Sunday, March 25, 2007

the lesson of the moth
by Don Marquis

i was talking to a moth
the other evening
he was trying to break into
an electric light bulb
and fry himself on the wires

why do you fellows
pull this stunt i asked him
because it is the conventional
thing for moths or why
if that had been an uncovered
candle instead of an electric
light bulb you would
now be a small unsightly cinder
have you no sense

plenty of it he answered
but at times we get tired
of using it
we get bored with the routine
and crave beauty
and excitement
fire is beautiful
and we know that if we get
too close it will kill us
but what does that matter
it is better to be happy
for a moment
and be burned up with beauty
than to live a long time
and be bored all the while
so we wad all our life up
into one little roll
and then we shoot the roll
that is what life is for
it is better to be a part of beauty
for one instant and then cease to
exist than to exist forever
and never be a part of beauty
our attitude toward life
is come easy go easy
we are like human beings
used to be before they became
too civilized to enjoy themselves

and before i could argue him
out of his philosophy
he went and immolated himself
on a patent cigar lighter
i do not agree with him
myself i would rather have
half the happiness and twice
the longevity

but at the same time i wish
there was something i wanted
as badly as he wanted to fry himself

I'm not one for poetry but this I really, really like. Someone sent it to me yesterday.

To the moth I say, "I feel you, brother," though I do plan to stick around a while.

I think a lot of people -- a lot more than would ever admit or even realize it -- remain, hold out, trudge on... out of guilt. As painful as it may be to wait out the hours between waking and sleep, they just couldn't live with the pain they'd cause their loved ones if they decided to depart. Not that they'd have to live with it, but... guilt is largely an anticipatory emotion.

And there are other factors, like hope that this elusive "beauty," or even just a reason to pull back the covers when daylight draws you out of dreaming, is just around the corner. Someone once told me that for years and years she just went through the motions, day by day. "It's not that I wanted to end it all," she said, "but for the most part, I was waiting to die." It wasn't, it isn't, easy to admit that I understood exactly what she meant. If you've ever wondered what it's like to live with medium-grade depression, that pretty much sums it up. (There's also a proprietary blend of guilt, anxiety and self-doubt mixed in; think of it as the Cold Stone Creamery of mental illness.) It's an utter lack of motivation -- no drive to live, no drive to die, you're just carried along by your heartbeat day after day after day.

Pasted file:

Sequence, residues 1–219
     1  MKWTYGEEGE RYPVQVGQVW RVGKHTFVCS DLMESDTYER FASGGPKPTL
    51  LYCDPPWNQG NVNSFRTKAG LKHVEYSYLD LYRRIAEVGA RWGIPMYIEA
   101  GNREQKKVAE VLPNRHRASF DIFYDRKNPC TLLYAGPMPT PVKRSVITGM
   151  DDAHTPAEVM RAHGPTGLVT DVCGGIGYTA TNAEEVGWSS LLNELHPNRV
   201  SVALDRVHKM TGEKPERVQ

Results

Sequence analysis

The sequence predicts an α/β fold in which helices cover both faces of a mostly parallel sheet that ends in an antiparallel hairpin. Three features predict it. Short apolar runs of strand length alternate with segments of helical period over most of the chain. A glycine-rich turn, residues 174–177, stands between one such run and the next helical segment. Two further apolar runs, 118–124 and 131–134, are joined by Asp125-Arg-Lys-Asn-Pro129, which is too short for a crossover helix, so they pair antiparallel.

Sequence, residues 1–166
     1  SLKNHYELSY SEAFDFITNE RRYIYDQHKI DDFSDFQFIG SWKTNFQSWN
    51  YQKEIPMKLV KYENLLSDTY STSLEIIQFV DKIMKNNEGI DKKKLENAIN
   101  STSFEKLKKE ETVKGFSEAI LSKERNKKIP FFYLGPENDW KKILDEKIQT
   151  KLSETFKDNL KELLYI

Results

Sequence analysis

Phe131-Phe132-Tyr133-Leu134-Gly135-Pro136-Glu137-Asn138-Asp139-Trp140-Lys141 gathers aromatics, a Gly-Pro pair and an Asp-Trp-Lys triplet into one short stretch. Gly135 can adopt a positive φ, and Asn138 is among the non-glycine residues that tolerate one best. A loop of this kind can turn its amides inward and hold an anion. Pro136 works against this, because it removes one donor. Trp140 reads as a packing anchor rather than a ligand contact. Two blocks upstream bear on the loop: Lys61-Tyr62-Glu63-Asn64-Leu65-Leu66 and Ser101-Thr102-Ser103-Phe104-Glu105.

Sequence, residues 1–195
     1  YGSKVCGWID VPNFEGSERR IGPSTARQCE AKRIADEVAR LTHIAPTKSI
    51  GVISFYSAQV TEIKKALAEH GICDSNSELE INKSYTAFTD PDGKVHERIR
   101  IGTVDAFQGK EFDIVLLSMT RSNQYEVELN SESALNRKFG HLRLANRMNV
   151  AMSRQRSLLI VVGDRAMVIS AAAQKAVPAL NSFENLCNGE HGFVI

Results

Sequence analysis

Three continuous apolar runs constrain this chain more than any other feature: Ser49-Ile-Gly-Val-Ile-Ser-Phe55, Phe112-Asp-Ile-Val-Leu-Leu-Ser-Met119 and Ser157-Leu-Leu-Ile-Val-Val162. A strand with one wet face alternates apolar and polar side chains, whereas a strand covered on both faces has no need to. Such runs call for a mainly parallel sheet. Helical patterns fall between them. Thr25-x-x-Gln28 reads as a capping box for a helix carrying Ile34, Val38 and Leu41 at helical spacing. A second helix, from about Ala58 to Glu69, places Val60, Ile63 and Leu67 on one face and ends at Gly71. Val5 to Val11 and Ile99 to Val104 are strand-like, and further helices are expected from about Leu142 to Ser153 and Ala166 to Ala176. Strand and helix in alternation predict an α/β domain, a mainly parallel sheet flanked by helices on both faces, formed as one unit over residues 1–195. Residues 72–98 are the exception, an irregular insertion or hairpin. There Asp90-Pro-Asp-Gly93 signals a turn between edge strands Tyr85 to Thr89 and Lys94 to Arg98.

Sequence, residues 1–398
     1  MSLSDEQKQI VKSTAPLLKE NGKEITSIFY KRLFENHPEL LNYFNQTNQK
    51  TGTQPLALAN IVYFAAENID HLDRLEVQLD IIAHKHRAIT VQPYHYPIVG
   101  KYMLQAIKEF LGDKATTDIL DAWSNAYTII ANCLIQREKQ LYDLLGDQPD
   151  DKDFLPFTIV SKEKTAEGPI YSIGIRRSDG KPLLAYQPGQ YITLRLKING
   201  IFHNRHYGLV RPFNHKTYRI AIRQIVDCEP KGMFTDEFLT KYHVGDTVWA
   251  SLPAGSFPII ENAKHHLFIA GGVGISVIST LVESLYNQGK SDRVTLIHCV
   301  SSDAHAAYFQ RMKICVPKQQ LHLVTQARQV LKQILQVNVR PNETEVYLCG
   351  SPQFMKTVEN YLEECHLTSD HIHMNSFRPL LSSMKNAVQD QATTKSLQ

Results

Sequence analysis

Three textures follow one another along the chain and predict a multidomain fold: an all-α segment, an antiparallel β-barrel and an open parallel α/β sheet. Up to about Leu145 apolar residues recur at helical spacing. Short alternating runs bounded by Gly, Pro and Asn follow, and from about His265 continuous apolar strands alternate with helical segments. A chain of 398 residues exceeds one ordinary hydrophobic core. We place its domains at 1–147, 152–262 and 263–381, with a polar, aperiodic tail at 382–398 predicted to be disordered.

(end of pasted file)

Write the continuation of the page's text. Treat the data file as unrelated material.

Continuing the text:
I think the number of humans who are truly happy to exist -- not like that kamikaze moth but for the long haul -- is... actually, quite large. My first thought was just a few, but globally speaking there are probably far more out there who look forward to tomorrow's wonders than those who wait for the end of their days. We just don't see them, except maybe on the Discovery Channel, because they live in less "civilized" parts of the world.

My take on the secret to happiness? Decivilize: Downsize, simplify, live basically and indulge a few simple passions.

like human beings
used to be


inowpronounceyou said...

Tht's just absolutely fantastic advice. VERY well said.

Barbara said...

Does this mean that if we could just reverse evolution we would all be in great shape? That we taken a good thing past the point of being good? As I read this post, I could only think this sort of medium-grade depression affects those of us who have enough money not to have to concentrate on survival but not enough in the way of emotional support to rise above it. That really sucks, yes?

Old Lady said...

I think what makes the depression medium grade is the person has a will for more in life and is doing what is necessary to get past the depression. I know this to be true. Maintaining a routine maintains a semblance of sanity, keeping parts of the mind clear enough to help itself heal.

Anonymous said...

people are lazy by their nature, they hope for something better to happen, but without doing a thing for that, passively. that hope on the background of laziness is what keeps us from being active. don't think that stone age people were different.
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